Cities With the Most Multigenerational Households

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As religion and politics become more and more polarizing, some American families can barely get through a big holiday gathering without an argument, clash of personalities, or at the very least, some awkwardness. Yet while some Americans ruthlessly cancel their extended families for opposing viewpoints or outdated beliefs, others are choosing to live under the same roof.

There’s no shortage of reasons for shacking up with relatives—from financial benefits, to caregiving perks, to simple convenience. Whatever the reasons, multigenerational households in the U.S. are continuing to grow and are becoming much more commonplace.

Over the past two decades, the number of Americans living in multigenerational households—defined as those households containing three or more generations—has increased significantly, from 17.9 million in 2001, to 27.9 million in 2020. This amounts to an increase from 6.5% of the total American population living in multigenerational households in 2001, to 8.5% in 2020.

Inflation, a limited supply of affordable homes, and rapidly rising childcare costs make living with relatives an attractive, financially-smart decision for an increasing number of American families. For millennial adults who are staying in school longer, postponing or forgoing marriage, and delaying forming their own households, living with parents—both as singles and part of a couple starting a family—can be a natural way to soften the blow of outstanding student debt and lack of accumulated wealth. Parents with their own kids living with grandparents reap the benefits of live-in childcare, and moving in with family can also be a temporary solution for anyone saving for a house or looking for a more sustainable job.

Additionally, as the global average life expectancy continues to grow , older adults require caregiving for longer, and living with adult children is often preferable (and less costly) than hiring full-time care or retiring to a nursing home.

Of course, for some racial and ethnic groups, living with relatives and extended family has been a long-established part of their culture. In the United States, Asian, Black, and Hispanic Americans, who have contributed significantly to recent population growth, are more likely to live with extended family, contributing to the increased prevalence of multigenerational households.While multigenerational living is on the rise amongst non-Hispanic White Americans too, this group remains the least likely to live in multigenerational households.


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Areas with high living costs, large immigrant populations, and housing shortages are abundant with multigenerational homes, which explains why Hawaii (15.7%) and California (12.3%) report the highest percentages of people in multigenerational households. Meanwhile, Midwestern states, with a lower cost of living and more affordable housing prospects, are the least likely to have multiple families living under one roof.

The data referenced below is from the U.S. Census Bureau. To determine the locations with the most multigenerational households, researchers at Filterbuy calculated the percentage of the population living in multigenerational households, defined as those households consisting of three or more generations. In the event of a tie, the location with the greater percentage of households that are multigenerational was ranked higher.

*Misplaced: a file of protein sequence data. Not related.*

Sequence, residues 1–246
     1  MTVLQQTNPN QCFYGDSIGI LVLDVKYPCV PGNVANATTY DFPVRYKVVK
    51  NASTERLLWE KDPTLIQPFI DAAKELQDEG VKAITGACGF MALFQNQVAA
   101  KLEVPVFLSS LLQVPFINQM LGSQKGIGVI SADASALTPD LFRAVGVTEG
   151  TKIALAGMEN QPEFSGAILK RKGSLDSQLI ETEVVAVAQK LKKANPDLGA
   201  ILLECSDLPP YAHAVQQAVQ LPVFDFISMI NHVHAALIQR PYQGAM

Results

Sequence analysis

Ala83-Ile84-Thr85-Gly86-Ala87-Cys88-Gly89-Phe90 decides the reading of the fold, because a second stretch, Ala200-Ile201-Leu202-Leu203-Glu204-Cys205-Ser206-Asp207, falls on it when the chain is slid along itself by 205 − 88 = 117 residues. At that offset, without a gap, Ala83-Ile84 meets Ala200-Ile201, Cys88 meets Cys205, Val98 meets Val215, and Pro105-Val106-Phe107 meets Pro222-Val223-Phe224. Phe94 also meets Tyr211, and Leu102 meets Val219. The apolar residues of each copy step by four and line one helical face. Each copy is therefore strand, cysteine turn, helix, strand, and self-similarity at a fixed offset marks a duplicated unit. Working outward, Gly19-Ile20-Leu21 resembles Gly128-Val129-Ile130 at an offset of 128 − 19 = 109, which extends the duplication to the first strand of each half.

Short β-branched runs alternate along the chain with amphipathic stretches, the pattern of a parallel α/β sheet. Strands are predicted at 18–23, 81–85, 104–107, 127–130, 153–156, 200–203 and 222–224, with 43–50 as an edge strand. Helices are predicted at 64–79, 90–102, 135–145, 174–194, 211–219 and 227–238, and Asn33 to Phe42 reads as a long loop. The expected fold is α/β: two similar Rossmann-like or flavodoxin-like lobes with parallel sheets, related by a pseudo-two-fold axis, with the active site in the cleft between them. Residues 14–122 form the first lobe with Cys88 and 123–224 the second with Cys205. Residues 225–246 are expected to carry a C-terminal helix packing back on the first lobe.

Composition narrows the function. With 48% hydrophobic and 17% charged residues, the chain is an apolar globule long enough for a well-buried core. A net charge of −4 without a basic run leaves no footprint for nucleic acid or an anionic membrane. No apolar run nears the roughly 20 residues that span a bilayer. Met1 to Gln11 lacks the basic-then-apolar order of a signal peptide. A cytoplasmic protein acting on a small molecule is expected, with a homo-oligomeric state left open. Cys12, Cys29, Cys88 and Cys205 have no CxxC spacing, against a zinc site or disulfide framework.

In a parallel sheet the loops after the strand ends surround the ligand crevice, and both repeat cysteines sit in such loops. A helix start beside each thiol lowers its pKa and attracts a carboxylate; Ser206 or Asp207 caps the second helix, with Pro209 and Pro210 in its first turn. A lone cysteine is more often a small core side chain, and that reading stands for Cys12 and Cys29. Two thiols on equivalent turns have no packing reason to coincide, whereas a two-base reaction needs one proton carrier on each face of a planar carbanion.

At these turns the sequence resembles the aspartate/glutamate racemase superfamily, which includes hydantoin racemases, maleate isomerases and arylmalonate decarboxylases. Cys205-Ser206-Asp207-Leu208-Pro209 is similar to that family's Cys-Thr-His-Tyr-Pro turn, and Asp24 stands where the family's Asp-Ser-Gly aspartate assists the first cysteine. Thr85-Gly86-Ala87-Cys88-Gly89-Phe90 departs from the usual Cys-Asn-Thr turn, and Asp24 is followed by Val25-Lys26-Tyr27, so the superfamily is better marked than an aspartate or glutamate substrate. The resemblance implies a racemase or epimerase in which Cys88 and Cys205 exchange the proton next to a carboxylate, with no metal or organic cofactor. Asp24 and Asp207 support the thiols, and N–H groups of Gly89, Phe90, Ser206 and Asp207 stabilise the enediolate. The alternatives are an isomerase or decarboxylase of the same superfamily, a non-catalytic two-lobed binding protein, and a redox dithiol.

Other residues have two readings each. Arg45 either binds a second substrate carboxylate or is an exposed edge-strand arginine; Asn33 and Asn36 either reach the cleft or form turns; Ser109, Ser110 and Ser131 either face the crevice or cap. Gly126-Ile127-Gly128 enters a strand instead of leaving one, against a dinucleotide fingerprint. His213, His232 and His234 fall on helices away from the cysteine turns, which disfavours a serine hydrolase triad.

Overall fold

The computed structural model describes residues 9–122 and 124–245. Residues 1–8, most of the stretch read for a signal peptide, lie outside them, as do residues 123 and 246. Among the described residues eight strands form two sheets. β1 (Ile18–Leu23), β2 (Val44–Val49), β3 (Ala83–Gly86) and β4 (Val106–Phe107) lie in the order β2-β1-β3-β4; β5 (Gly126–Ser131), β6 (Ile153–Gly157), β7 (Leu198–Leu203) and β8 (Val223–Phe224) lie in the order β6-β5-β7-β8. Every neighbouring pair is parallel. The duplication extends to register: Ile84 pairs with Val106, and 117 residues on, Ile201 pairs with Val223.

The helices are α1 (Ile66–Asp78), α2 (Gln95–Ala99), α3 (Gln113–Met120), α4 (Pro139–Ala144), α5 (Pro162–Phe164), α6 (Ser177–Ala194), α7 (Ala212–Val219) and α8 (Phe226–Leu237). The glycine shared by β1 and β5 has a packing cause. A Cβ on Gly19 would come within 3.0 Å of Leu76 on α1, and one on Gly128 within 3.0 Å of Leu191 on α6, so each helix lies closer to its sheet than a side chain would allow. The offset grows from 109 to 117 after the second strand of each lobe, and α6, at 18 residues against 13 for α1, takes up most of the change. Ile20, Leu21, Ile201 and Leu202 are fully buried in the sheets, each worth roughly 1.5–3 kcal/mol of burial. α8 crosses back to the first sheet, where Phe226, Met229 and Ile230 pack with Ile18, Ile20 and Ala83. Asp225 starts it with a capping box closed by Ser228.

Here are the U.S. metropolitan areas with the most multigenerational households.

Large Metros With the Most Multigenerational Households

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15. Memphis, TN-MS-AR

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14. Atlanta-Sandy Springs-Alpharetta, GA

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13. Dallas-Fort Worth-Arlington, TX

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12. Las Vegas-Henderson-Paradise, NV

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11. San Francisco-Oakland-Hayward, CA

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10. New York-Newark-Jersey City, NY-NJ-PA

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9. San Diego-Carlsbad, CA

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8. Orlando-Kissimmee-Sanford, FL

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7. Houston-The Woodlands-Sugar Land, TX

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6. San Jose-Sunnyvale-Santa Clara, CA

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5. Miami-Fort Lauderdale-West Palm Beach, FL

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4. San Antonio-New Braunfels, TX

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3. Fresno, CA

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2. Los Angeles-Long Beach-Anaheim, CA

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1. Riverside-San Bernardino-Ontario, CA

Detailed Findings & Methodology

The data used in this analysis is from the U.S. Census Bureau’s 2020 American Community Survey. To determine the locations with the most multigenerational households, researchers at Filterbuy calculated the percentage of the population living in multigenerational households—defined as those households consisting of three or more generations. In the event of a tie, the location with the greater percentage of households that are multigenerational was ranked higher. To improve relevance, only metropolitan areas with at least 100,000 residents were included. Additionally, metros were grouped into cohorts based on population size: small (100,000–349,999), midsize (350,000–999,999), and large (1,000,000 or more).